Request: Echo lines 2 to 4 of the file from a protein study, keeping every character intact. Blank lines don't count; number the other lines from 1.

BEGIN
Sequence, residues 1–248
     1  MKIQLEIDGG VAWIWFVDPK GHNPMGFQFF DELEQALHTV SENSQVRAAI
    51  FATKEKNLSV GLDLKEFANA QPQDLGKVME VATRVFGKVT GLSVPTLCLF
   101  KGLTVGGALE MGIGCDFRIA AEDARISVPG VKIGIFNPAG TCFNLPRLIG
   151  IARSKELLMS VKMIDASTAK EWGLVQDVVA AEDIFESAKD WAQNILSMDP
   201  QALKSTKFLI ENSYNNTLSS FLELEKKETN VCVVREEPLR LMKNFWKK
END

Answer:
     1  MKIQLEIDGG VAWIWFVDPK GHNPMGFQFF DELEQALHTV SENSQVRAAI
    51  FATKEKNLSV GLDLKEFANA QPQDLGKVME VATRVFGKVT GLSVPTLCLF
   101  KGLTVGGALE MGIGCDFRIA AEDARISVPG VKIGIFNPAG TCFNLPRLIG